Hormone therapy is a common treatment option for cryptorchidism, a disorder characterized by the abnormal development of the testicles, leading to undescended or partially descended testicles. This condition is often diagnosed during infancy or early childhood.
During normal development, the testicles form in the abdomen and gradually descend into the scrotum before birth. In the case of cryptorchidism, one or both testicles fail to fully descend into the scrotum, resulting in an undescended or partially descended condition.
Hormone therapy involves the use of hormones to stimulate the descent of the testicles. One hormone commonly used is human chorionic gonadotropin (hCG), which is similar to the hormone that stimulates the testicles to descend during fetal development.
Hormone therapy can be administered through injections or oral medications. Treatment duration varies depending on the age of the individual and the severity of the condition. The therapy aims to promote natural descent of the testicles and correct the abnormal development.
It is important to note that hormone therapy may not be effective for all cases of cryptorchidism. In some instances, surgical intervention may be necessary to correct the condition. The decision to pursue hormone therapy or surgery will depend on factors such as the age of the patient, the position of the undescended testicles, and the presence of any associated complications.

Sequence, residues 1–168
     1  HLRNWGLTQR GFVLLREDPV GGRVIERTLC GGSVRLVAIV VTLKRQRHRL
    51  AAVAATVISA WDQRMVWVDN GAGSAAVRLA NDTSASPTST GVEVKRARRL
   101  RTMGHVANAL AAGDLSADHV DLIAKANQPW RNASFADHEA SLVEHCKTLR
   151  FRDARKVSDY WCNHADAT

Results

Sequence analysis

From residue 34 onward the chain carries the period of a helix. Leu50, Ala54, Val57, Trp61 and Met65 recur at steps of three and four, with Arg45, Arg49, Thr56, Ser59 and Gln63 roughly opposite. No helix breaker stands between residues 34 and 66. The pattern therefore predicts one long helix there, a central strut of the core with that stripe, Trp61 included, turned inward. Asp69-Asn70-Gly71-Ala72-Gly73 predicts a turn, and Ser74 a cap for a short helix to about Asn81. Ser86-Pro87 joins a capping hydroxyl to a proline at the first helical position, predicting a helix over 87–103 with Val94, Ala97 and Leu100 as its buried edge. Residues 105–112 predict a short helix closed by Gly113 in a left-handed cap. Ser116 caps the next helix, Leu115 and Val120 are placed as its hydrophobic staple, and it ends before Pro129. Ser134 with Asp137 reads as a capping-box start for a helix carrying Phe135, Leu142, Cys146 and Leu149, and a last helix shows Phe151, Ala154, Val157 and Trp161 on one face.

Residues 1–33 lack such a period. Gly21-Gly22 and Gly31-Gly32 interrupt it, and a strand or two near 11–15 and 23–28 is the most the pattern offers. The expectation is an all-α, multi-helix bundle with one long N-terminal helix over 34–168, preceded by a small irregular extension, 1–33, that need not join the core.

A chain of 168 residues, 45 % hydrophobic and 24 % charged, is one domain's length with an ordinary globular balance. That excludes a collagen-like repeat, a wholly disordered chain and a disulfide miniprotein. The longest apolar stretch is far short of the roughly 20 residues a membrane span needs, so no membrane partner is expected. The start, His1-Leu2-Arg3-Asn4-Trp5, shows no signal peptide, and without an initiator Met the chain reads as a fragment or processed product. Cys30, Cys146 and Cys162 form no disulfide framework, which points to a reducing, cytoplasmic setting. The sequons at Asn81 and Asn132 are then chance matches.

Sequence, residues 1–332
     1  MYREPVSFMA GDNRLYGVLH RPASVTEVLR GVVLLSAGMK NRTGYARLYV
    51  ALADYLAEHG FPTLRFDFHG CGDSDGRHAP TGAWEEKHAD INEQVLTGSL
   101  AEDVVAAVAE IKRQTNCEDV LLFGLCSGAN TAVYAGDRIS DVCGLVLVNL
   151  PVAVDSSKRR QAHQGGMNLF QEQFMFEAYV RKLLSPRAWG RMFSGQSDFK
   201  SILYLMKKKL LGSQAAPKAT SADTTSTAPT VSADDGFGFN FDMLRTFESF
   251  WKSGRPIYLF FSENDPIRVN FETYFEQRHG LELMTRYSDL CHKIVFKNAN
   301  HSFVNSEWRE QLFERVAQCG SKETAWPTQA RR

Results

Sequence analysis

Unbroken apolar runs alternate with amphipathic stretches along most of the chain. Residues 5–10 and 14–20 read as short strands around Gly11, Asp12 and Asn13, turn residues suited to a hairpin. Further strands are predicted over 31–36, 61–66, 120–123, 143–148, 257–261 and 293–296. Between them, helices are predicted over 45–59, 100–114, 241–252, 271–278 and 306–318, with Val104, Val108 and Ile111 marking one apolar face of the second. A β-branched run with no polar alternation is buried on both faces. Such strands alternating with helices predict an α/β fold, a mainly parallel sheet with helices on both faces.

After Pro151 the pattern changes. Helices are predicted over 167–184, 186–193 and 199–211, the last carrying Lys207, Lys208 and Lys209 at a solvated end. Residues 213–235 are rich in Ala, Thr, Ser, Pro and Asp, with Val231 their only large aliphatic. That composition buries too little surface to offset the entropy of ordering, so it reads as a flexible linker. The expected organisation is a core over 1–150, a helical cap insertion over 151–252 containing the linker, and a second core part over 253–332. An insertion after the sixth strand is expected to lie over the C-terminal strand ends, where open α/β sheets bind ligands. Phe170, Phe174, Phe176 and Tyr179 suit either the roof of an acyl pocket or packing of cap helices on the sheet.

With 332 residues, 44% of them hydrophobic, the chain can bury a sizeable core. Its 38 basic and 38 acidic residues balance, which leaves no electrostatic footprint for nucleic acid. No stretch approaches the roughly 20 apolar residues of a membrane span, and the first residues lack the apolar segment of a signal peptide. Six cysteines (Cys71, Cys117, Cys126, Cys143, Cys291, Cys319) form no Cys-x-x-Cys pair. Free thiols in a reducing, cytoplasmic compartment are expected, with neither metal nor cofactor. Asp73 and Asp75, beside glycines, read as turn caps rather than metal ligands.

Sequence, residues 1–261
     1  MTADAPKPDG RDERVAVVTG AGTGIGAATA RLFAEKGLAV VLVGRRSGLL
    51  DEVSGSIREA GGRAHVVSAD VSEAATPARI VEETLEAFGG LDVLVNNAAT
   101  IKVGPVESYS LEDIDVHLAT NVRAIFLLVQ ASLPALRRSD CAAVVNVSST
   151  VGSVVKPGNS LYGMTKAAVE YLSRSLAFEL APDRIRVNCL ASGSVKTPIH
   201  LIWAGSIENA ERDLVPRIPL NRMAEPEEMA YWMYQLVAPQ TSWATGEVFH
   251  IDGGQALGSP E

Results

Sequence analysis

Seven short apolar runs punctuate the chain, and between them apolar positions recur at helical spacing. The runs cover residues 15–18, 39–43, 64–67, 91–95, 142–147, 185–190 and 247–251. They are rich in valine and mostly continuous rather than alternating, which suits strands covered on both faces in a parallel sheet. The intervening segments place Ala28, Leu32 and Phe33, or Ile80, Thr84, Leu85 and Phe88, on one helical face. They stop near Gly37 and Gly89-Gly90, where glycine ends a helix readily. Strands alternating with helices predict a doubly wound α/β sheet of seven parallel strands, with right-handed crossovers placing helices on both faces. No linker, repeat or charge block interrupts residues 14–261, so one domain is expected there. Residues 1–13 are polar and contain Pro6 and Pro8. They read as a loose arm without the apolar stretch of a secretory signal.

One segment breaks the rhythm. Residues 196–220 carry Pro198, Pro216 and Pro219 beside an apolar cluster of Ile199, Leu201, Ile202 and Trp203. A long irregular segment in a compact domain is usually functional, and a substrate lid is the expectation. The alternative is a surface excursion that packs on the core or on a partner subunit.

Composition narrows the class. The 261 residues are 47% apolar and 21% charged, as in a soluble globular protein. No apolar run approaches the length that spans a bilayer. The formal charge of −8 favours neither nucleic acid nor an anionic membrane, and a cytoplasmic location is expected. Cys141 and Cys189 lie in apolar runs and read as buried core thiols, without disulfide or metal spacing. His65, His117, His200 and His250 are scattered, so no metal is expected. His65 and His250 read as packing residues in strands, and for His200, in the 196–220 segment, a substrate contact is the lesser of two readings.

Hormone therapy is typically recommended as a first-line treatment for infants with cryptorchidism. Early intervention can help improve the chances of successful testicular descent and prevent potential complications. If left untreated, undescended testicles can increase the risk of infertility and other reproductive issues later in life.
In conclusion, hormone therapy is a valuable treatment option for individuals with cryptorchidism, a congenital disorder characterized by the abnormal development of the testicles. It helps stimulate the natural descent of the testicles and correct the undescended or partially descended condition. However, it is important to discuss the treatment options with a healthcare professional to determine the most appropriate course of action based on individual circumstances.
Surgical intervention is often required to treat cryptorchidism, a disorder characterized by the abnormal descent of the testicles. This congenital condition, which occurs in approximately 3% of full-term male infants, is the most common disorder of the male reproductive system in newborns.
The primary goal of surgical intervention is to bring the undescended testis into the scrotum, where it should be located. This procedure, known as orchidopexy, is typically performed before the child reaches the age of two to maximize the chances of successful testicular descent and prevent any associated complications.